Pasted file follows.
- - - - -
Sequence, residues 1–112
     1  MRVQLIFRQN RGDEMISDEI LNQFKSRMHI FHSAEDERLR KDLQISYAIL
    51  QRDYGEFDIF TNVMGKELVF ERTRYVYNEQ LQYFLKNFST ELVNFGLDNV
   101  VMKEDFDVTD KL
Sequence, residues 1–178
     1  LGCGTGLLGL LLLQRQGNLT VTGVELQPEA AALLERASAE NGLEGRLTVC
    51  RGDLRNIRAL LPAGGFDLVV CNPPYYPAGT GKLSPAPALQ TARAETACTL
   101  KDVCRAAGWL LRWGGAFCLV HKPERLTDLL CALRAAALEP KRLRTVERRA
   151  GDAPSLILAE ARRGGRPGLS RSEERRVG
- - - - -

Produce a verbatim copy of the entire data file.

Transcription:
Sequence, residues 1–112
     1  MRVQLIFRQN RGDEMISDEI LNQFKSRMHI FHSAEDERLR KDLQISYAIL
    51  QRDYGEFDIF TNVMGKELVF ERTRYVYNEQ LQYFLKNFST ELVNFGLDNV
   101  VMKEDFDVTD KL
Sequence, residues 1–178
     1  LGCGTGLLGL LLLQRQGNLT VTGVELQPEA AALLERASAE NGLEGRLTVC
    51  RGDLRNIRAL LPAGGFDLVV CNPPYYPAGT GKLSPAPALQ TARAETACTL
   101  KDVCRAAGWL LRWGGAFCLV HKPERLTDLL CALRAAALEP KRLRTVERRA
   151  GDAPSLILAE ARRGGRPGLS RSEERRVG